optimal solution is found out by minimizing the difference between two
power envelope curves based on a proper set of gear ratios and CPSR
given by:
kgearIM , kgearPM , CPSR =
(kgearIM ,kgearPM )∈Ωkgear ,CPSR∈ΩCPSR
Fig. 2. Efficiency map of the electrical drives: (a) IM; (b) PMSM.
2.2. General methodology
The main goal of this study is to deliver a driving performance of the
reference vehicle using two electric motors with their multi-speed
gearbox as close as possible. The power of the EV is generated by one
front-axle IM and one rear-axle PMSM. Each electric motor has indi­
vidual power envelope characteristics depending on its gear ratios. On
the other hand, the power envelopes of the reference vehicle are
determined by different CPSRs. This study aims to select the motor gear
ratios and CPSR for an optimal solution. As a result, we defined the
objective function to be the power envelope difference between the
targeted model and the dual-motor model, and this objective function is
minimized based on a proper set of gear ratios and CPSR.
There are some alternative methods to design gearbox ratios, for
example, energy consumption minimization or acceleration time
minimization-based approaches have already been considered in some
reviewed studies. We do not aim to outperform an existing approach in a
single dimension such as energy consumption or rate of acceleration.
Our goal is to design the drivetrain system to satisfy predetermined
criteria using the limited resources in hand (using two electric motors
and their gearbox structure). The power envelope characterizes driving
experience in different driving conditions while two other metrics do not
have this property. Better acceleration time matters in brief moments
with Ωkgear and ΩCPSR are the feasible ranges of the gear ratios and CPSR.
Fvehtarget (CPSR, V) is the power envelope of the targeted vehicle which
is based on the following equation:
∫ Vbase
∫ Vmax
Fvehtarget (CPSR, V) =
Ftargetmax +
∫ Vbase
∫ Vmax
As defined in (2), (3), the targeted maximum force is higher when
rising CPSR at a certain maximum power and the fixed top speed, while
the base speed is decreased. This large maximum force enables the
vehicle to shorten the acceleration time and climb a greater incline. This
means CPSR has significant effects on the power envelope of the targeted
vehicle, and also contributes to the objective function (J) in (4).
Fvehpro (V) is the power envelope of the studied vehicle which is driven
by IM and PMSM as:
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Fvehpro (V) = FIM (V) + FPM (V) =
FPMmax +
⎨ FIMmax = TIMmax (V)kgearIM R
= TPMmax (V)kgearPM
⎨ VIMbase = kgearIM Rwheel
⎩ VIMmax =
⎨ VPMbase = kgearPM Rwheel
⎩ VPMmax =
FIMmax +
clearly reflect the role of the motor gear ratios to the vehicle perfor­
mance as well as the objective function.
The full structure of the proposed methodology consists of two layers
described in Fig. 4. The upper layer determines the targeted power en­
velope through the steps: (i) from the desired performance re­
quirements, three main criteria including the top speed, acceleration
time, and gradeability are determined; (ii) three criteria define corre­
sponding maximum power value; (iii) the targeted power envelope is
drawn by this maximum power value as a benchmark curve. This curve
is bounded by the maximum vehicle speed and the maximum driving
force which depends on the CPSR. Then, the objective function (J) in (4)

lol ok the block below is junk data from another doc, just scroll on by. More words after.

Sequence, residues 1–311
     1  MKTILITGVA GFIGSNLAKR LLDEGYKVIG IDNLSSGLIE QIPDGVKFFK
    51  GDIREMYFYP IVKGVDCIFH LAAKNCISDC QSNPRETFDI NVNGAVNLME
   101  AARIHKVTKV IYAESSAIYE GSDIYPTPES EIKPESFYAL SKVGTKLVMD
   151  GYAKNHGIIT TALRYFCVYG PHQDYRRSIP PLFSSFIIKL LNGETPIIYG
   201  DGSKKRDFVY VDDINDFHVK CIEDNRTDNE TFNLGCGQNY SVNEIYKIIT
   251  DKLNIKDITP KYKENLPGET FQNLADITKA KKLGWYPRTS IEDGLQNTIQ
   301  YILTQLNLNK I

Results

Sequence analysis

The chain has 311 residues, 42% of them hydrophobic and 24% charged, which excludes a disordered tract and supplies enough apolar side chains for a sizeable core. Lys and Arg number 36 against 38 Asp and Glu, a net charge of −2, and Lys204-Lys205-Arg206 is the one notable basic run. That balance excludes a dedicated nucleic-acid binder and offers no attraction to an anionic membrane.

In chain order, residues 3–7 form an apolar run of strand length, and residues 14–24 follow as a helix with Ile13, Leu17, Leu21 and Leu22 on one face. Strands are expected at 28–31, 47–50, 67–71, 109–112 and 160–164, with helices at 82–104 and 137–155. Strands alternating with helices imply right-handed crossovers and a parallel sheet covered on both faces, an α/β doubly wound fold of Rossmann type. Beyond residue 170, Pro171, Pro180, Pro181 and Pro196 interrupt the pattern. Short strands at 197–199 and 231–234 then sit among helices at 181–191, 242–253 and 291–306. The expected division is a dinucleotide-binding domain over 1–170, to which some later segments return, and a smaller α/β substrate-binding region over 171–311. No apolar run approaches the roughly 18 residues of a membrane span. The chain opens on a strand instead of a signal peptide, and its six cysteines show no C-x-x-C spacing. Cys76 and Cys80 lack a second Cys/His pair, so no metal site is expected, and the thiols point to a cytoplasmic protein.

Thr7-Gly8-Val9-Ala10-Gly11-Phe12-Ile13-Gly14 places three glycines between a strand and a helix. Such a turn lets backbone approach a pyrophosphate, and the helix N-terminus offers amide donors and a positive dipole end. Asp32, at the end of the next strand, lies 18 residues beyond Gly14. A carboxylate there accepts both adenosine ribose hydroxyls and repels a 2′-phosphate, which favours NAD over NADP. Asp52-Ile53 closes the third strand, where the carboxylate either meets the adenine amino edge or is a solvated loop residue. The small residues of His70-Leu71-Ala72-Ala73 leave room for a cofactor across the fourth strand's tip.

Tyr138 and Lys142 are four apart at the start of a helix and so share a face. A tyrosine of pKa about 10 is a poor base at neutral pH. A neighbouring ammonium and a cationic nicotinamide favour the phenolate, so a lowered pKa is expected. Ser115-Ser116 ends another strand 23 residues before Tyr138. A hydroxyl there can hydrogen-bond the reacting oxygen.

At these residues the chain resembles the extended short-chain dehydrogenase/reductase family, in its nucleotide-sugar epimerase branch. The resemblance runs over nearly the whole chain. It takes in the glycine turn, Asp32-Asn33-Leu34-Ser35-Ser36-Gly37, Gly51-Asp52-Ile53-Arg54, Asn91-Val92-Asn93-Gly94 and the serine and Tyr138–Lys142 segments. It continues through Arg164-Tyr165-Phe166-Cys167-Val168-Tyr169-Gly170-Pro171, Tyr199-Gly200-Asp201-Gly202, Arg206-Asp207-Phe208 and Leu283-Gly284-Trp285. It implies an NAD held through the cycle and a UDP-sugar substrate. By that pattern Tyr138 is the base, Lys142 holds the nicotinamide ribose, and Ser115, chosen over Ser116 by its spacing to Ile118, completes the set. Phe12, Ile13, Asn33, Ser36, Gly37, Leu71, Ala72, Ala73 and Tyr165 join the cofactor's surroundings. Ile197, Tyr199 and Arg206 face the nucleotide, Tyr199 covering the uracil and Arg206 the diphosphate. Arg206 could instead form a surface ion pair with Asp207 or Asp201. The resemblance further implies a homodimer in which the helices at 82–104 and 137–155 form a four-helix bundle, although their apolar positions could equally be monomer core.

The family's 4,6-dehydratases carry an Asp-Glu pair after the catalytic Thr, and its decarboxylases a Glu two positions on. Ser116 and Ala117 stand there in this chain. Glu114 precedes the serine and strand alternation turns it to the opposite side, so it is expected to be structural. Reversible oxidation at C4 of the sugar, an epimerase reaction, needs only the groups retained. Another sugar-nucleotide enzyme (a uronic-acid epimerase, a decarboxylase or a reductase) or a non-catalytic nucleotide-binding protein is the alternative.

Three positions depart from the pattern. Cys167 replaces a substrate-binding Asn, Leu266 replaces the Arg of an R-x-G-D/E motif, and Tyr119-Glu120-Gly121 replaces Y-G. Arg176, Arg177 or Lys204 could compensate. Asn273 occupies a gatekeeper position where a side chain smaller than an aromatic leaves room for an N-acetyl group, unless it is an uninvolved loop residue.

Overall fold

is implemented in the lower layer to find the optimal gear ratios. Due to
the possible CPSR variation, the targeted power envelope can be
changed. Thus, CPSR is integrated into the objective function as one of
the design variables.
The gear ratio optimization inside the lower layer is addressed by
employing particle swarm optimization (PSO). Unlike traditional opti­
mization methods, PSO looks for the solutions without using the
gradient of the problem. The performance of the objective function (J) in
(4) is plotted in a three-dimension space in Fig. 5 for two different gear
ratio pair cases corresponding CPSR = 4.
As can be seen in Fig. 5a, b, the proposed objective function is
expensive to evaluate and non-smooth. This is because the function is
carried out by separated speed conditions and respecting dynamic
constraints. In such conditions, the derivative-based methods fail to
optimize the objective function or find a local solution and miss the
global one. One more reason, although PSO shares similarities with
Evolutionary Computation (EC) techniques, the PSO process does not
require genetic operators such as crossover and mutation. It is mathe­
matically less complex and converges to the solution faster. However, it
is noticed that PSO is chosen to use for the gear ratio optimization
method, but it is not the only method that can be employed. The pro­
posed methodology does not limit any optimization algorithm depend­
ing on the designer’s decision.
in which FIMmax and TIMmax are the maximum traction force and the
maximum torque of IM; FPMmax and TPMmax are the maximum traction
force and the maximum torque of PMSM; ωIMbase and ωIMmax are the based
rotational speed and the maximum rotational speed of IM; ωPMbase and
ωPMmax are the based rotational speed and the maximum rotational speed
of PMSM; kgearIM and kgearPM are the gear ratios of IM and PMSM; ηtran is
the transmission efficiency; Rwheel is the wheel radius.
Fig. 3 describes the logic used in the optimization of the objective
function under two typical cases of different gear ratios of IM and
PMSM. The power envelope of the reference model is shown in the black
curve according to the selected CPSR of 4. IM and PMSM characterize
the red power envelope and the blue one, respectively. The combination
of two electric motors creates the power envelope of the dual-motor
model plotted in purple. The proposed methodology is to minimize
the power envelope difference of the two models. In other words,